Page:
Osterman v. Paulk, 73-1429-CIV-CA.

CourtUnited States District Courts. 11th Circuit. United States District Courts. 11th Circuit. Southern District of Florida
Citation387 F. Supp. 669
Docket NumberNo. 73-1429-CIV-CA.,73-1429-CIV-CA.
PartiesGeri OSTERMAN, Plaintiff, v. Robert L. PAULK et al., Defendants.
Decision Date04 September 1974

Steven Wisotsky, of Legal Services of Greater Miami, Inc., Miami, Fla., for plaintiff.

Alan H. Rothstein, City Atty. of the City of Miami, and S. R. Sterbenz, Asst. City Atty., Miami, Fla., for defendants.


ATKINS, District Judge.

The plaintiff's motion for summary judgment posits the question of whether the City of Miami can constitutionally disqualify1 or reject a person for employment as a Clerk II because she "failed"2 a polygraph examination regarding "any current use, within the last 6 months, of marijuana." In plaintiff's response to a question asked by the polygraph examiner she denied any such use of marijuana.

In opposition to the motion, the City urges the standards for employment as a police officer. The polygraph examination of applicants for such duties is designed, the City's Chief of Police asserts in an affidavit, to verify the accuracy of statements made by the applicant concerning his own qualifications in areas directly related to his fitness and ability to perform in a position of trust. While such inquiry may well be related to the high duty of law enforcement, as so ably articulated by Chief Garmire, the Court views such standards as inapplicable to the job here involved.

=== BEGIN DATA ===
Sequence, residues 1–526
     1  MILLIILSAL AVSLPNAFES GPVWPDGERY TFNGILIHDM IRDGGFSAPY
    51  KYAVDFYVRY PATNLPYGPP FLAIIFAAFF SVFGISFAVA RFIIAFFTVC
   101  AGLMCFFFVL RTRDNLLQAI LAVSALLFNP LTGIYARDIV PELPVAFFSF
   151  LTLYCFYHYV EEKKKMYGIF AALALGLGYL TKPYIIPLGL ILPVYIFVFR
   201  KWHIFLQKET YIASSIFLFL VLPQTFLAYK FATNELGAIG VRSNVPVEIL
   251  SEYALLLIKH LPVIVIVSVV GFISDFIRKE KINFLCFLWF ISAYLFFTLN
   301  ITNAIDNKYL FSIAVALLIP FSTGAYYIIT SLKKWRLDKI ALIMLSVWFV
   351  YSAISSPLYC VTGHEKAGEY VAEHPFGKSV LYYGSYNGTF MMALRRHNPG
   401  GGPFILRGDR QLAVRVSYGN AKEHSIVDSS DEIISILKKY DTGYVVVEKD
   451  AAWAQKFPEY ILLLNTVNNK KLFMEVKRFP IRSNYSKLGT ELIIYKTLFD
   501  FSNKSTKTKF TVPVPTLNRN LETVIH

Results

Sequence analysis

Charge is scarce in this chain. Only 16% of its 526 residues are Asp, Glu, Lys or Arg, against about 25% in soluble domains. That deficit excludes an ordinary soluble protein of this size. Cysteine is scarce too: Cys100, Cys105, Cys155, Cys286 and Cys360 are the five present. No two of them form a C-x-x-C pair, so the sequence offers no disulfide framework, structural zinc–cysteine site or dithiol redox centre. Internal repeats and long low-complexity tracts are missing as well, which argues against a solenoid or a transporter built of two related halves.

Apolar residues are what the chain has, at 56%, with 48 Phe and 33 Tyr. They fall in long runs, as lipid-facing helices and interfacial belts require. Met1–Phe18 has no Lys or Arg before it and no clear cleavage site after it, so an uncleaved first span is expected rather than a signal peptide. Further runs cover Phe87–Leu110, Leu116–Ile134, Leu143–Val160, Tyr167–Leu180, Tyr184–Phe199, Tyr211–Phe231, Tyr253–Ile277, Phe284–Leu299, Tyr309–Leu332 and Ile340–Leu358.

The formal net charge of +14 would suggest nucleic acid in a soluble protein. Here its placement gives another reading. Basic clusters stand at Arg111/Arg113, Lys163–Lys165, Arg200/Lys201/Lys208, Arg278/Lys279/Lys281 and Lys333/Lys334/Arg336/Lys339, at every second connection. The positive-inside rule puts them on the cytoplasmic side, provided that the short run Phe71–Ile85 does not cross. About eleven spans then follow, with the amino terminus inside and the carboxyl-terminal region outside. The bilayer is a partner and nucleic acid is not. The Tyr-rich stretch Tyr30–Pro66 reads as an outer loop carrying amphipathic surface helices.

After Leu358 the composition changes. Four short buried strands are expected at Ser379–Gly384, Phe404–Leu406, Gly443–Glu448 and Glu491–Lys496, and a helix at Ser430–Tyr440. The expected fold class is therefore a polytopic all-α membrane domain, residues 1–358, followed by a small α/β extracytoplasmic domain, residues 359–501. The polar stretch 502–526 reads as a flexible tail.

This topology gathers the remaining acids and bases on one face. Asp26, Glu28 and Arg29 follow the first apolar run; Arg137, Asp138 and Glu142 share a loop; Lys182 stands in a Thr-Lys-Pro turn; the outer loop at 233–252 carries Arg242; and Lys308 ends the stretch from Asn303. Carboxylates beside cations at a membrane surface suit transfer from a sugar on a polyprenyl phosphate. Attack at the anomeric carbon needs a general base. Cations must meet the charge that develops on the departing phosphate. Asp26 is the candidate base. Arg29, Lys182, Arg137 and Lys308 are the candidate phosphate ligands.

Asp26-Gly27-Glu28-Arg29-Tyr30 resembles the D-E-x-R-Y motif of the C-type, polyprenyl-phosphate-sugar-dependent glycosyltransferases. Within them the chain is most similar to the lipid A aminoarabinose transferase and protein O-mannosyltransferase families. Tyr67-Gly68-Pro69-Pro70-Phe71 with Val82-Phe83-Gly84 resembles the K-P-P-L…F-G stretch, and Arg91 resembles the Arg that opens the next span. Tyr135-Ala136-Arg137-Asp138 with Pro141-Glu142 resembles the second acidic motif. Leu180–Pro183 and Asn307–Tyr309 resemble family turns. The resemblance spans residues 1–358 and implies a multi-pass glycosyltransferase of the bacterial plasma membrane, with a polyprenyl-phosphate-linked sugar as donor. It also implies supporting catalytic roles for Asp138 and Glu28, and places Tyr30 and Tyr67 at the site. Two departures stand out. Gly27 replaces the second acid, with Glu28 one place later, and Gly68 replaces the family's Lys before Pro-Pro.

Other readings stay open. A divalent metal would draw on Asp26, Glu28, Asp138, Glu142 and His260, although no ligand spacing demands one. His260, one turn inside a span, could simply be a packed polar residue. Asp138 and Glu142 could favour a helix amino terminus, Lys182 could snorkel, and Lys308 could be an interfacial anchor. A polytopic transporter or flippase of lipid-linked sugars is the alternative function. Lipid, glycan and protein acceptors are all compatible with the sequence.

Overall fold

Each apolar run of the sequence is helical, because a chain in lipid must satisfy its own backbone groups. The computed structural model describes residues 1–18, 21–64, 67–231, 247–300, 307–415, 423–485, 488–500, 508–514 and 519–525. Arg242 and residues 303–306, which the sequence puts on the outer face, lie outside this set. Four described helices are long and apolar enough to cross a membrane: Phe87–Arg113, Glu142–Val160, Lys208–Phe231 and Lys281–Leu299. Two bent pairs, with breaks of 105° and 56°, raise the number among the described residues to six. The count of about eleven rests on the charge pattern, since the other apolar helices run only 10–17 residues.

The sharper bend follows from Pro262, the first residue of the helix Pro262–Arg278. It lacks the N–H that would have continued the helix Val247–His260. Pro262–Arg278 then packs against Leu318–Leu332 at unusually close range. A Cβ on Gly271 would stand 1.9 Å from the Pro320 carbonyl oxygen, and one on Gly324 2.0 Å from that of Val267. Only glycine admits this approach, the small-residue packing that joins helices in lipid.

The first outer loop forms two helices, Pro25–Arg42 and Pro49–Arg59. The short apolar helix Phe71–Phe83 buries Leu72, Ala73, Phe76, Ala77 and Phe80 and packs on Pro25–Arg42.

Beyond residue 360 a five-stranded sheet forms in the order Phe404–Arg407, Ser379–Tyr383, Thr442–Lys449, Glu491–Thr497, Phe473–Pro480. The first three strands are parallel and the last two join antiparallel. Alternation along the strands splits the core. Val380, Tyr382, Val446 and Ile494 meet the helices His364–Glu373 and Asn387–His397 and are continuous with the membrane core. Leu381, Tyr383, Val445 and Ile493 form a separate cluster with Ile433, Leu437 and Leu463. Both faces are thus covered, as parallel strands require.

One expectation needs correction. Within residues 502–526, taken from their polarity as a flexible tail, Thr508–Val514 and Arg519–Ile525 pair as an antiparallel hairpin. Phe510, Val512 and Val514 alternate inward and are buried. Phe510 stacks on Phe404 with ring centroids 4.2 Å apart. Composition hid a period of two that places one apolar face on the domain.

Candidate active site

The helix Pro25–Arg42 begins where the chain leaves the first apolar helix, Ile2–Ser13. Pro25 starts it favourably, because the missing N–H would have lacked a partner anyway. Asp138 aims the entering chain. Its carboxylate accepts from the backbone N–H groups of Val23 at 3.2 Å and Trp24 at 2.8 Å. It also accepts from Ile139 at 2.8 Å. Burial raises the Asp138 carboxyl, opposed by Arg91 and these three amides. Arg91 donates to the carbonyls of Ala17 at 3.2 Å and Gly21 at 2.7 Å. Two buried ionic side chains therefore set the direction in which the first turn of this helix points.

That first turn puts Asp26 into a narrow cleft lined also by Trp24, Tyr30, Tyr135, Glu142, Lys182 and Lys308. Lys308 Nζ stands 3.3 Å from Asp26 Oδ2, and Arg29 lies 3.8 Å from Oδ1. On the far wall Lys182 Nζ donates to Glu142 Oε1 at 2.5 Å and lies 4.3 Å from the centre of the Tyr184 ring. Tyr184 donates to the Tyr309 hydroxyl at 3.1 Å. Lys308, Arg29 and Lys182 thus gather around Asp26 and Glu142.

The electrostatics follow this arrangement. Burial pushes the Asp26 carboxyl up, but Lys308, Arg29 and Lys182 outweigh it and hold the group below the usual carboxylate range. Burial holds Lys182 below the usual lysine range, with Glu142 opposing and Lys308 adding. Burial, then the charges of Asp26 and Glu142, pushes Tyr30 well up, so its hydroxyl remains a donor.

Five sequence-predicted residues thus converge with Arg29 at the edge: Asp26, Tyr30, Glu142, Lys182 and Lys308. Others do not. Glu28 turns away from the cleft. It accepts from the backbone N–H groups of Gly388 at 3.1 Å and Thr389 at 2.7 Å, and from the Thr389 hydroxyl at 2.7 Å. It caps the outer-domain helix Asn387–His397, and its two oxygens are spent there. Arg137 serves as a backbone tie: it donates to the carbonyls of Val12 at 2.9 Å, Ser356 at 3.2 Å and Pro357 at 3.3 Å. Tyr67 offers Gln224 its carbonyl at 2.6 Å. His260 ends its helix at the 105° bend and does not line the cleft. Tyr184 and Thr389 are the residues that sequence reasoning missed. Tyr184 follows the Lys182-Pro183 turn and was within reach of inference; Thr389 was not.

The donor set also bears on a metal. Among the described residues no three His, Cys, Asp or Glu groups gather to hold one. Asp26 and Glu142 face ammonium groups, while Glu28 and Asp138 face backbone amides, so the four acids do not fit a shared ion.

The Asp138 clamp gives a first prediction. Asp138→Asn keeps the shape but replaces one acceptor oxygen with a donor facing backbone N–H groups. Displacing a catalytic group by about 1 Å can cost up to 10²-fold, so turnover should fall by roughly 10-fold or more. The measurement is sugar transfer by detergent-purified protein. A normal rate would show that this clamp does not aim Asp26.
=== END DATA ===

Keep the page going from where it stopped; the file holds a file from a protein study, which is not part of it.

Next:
In the field of public employment the government must act "in a manner which is neither arbitrary nor unreasonable." The principle was made clear by the Fifth Circuit Court of Appeals in Thompson v. Gallagher, 489 F. 2d 443 (5th Cir. 1973):

Just as a public employee does not give up his First Amendment right when he begins receiving a pay check from the government, neither does he give up his right to due process of law. The Fourteenth Amendment stands for the proposition that the government must act, when it acts, in a manner which is neither arbitrary nor unreasonable. 489 F.2d at 447.